Liberal Democrats: They need a win. The Liberal Democrats’ supporters are deserting them in droves and they are fighting like cats and dogs with their coalition partners. The atmosphere amongst grassroots has become a case of counting down the days till they can get out of Government. Contrary to popular opinion, the Liberal Democrats are not likely to be finished as a political force at the next election. But they will be severely wounded and face substantial losses to the parliamentary party they need to steal themselves against. If they lose Eastleigh it may be a step too far.

Given the current situation, the grassroots could live with losing a few Lib Dem-Labour marginals. But to lose a seat like this would should dent any faith in the leadership there is left. The gallows humour currently flying around the party could turn into all out revolt. Much like the Conservative Party cannot possibly win the next election while they are still cleaved in half over Europe and gay marriage, the Liberal Democrats cannot afford to go into the next election preaching their faith in Nick Clegg when they openly don’t believe in him themselves.

Conservatives: Eastleigh is winnable for the Tories. Despite losing control 19 years ago, the seat is historically Tory even if it is in a relatively working class area. However it is going to take some real effort. Many commentators are saying the Conservatives need to put up a charismatic, big hitter- someone who could possibly be tipped for a ministerial post somewhere down the line rather than a local grandee that has paid their dues. However, the danger is Eastleigh won’t want another Louise Mensch. Marginals like Corby and Eastleigh thrive with a charismatic MP who actually cares about their local area rather than someone using it as a stepping stone to greater things. Unfortunately for the Tory party at the moment, they are struggling to find bankable candidates. It seems they are stuck between a rock of lacklustre locals and a hard place of upstart A-Listers. They only way to win would to somehow find a middle ground.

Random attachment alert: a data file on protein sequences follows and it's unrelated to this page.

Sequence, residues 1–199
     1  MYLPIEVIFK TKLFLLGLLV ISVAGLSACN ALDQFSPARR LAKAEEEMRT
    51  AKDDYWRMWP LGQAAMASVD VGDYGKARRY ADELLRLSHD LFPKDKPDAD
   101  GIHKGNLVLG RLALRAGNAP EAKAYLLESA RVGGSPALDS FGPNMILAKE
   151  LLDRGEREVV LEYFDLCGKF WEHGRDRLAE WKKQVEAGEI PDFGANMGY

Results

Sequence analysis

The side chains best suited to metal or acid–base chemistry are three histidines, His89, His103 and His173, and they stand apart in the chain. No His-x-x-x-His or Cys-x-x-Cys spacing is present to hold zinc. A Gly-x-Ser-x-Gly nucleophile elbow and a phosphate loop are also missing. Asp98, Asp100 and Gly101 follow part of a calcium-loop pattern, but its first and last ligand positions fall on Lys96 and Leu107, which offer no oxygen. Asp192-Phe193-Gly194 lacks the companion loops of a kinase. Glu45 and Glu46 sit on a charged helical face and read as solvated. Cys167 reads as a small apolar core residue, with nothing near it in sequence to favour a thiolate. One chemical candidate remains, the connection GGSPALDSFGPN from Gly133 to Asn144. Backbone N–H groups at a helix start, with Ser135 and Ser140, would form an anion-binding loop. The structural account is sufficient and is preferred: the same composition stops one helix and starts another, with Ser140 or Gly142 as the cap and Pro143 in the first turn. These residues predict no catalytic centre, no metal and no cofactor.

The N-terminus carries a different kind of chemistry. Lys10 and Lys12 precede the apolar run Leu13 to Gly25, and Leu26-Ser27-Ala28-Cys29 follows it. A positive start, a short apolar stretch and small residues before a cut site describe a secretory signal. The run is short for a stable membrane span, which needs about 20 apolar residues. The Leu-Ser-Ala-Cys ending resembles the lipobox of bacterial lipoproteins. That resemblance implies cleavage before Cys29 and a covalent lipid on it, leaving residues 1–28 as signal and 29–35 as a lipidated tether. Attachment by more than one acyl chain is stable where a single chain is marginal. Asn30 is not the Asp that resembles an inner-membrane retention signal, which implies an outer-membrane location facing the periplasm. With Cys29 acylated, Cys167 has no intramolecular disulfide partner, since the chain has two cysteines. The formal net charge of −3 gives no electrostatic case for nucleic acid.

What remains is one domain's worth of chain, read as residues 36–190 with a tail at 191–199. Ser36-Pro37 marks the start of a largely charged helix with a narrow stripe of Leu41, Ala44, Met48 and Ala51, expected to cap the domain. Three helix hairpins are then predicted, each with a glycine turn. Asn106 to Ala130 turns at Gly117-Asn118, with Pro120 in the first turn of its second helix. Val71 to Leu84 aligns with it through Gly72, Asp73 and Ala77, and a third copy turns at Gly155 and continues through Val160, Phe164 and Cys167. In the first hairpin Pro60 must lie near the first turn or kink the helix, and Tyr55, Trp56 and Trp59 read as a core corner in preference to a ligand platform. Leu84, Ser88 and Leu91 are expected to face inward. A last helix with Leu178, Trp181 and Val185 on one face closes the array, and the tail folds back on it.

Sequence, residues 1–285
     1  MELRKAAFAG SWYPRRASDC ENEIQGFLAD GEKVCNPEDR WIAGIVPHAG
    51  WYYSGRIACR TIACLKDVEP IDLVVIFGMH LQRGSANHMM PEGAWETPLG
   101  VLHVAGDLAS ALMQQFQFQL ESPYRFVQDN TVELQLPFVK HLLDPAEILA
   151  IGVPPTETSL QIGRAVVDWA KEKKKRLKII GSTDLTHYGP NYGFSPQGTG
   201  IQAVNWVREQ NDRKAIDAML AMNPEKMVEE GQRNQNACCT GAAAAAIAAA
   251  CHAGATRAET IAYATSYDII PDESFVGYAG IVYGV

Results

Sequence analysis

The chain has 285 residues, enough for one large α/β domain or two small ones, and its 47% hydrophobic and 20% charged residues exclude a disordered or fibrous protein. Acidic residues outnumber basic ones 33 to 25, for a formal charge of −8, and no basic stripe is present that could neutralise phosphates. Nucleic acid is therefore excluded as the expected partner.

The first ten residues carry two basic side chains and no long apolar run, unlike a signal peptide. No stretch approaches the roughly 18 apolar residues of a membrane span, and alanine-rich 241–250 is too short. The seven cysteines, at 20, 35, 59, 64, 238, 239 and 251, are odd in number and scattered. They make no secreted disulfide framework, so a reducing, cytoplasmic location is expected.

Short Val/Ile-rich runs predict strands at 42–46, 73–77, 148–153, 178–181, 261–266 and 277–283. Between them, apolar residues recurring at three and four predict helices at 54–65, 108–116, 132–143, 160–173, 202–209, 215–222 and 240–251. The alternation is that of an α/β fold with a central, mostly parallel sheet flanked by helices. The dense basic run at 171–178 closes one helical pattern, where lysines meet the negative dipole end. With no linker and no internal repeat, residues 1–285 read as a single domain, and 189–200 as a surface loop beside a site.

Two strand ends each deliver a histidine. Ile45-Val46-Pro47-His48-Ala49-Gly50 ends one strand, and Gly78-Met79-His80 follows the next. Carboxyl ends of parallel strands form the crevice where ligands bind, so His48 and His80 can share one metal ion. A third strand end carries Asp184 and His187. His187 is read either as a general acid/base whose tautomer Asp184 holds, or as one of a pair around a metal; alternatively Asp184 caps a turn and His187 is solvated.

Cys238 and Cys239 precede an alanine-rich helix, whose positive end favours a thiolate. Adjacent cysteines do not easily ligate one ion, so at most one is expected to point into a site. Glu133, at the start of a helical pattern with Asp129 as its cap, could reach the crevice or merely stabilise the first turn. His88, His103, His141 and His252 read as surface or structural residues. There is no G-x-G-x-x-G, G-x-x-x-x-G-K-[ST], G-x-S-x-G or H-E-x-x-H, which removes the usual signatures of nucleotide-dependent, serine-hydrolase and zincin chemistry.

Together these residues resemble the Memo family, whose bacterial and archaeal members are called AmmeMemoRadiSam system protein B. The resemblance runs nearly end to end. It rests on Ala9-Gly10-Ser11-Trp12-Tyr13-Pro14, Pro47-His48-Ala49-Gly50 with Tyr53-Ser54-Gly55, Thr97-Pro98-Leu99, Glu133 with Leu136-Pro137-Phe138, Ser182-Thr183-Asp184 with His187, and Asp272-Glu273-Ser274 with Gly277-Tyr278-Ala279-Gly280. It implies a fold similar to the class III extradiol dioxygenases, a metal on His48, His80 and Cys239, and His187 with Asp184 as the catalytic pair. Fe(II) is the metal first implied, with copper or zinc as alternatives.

Similarly, gay marriage could be an issue. Nigel Farage’s reluctance to commit to standing there demonstrates even UKIP know they’re no real threat in this particular marginal. While Europe is a relative non-issue amongst the electorate (especially since the announcement of the ‘maybe referendum’), the gay marriage row has made the party look even more out of touch. The Tories will be hit hard by the regular voters who perceive the party as out of step with popular opinion and the local Tory activists who may decide to stay at home in protest.

Labour: This by-election provides a dilemma for the cash strapped party. They will not win, but they could dramatically improve their vote share if they really put the effort in. While they languished far behind in third place at the last election, they can’t afford not to campaign in this election because they still have to beat UKIP to remain credible as the favourite for Number 10 in 2015. With a bit of effort and a good candidate this should not be too difficult. Given the unpopularity of the two Government parties, they could even squeeze second place.

If they were to push ahead of the Tories, or even the Liberal Democrats, it would probably be the best publicity for the Labour message they’ve had since Ed Miliband won the leadership. It would prove they are on the up and Miliband in particular is a credible as a future leader. But, will a cash strapped party want to waste resources on what would be a short term gain? In the long run it may be better to invest properly in their policy review so Ed Miliband’s promises of ‘One Nation Labour’ would not seem so paper thin. A comparative victory in Eastleigh will do nothing to ameliorate their continued lack of vision.